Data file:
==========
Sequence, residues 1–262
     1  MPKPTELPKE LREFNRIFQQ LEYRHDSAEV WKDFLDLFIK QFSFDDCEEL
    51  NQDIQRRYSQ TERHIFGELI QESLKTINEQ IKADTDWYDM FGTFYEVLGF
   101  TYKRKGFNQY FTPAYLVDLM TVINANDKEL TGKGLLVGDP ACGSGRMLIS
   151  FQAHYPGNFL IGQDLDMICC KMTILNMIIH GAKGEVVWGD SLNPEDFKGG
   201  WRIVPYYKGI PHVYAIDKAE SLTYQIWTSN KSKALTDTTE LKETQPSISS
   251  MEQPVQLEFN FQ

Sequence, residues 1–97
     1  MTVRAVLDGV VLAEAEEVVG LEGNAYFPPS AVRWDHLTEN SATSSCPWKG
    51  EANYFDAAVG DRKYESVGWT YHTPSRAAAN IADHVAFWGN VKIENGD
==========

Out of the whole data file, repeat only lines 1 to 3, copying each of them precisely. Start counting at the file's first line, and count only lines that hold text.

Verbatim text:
Sequence, residues 1–262
     1  MPKPTELPKE LREFNRIFQQ LEYRHDSAEV WKDFLDLFIK QFSFDDCEEL
    51  NQDIQRRYSQ TERHIFGELI QESLKTINEQ IKADTDWYDM FGTFYEVLGF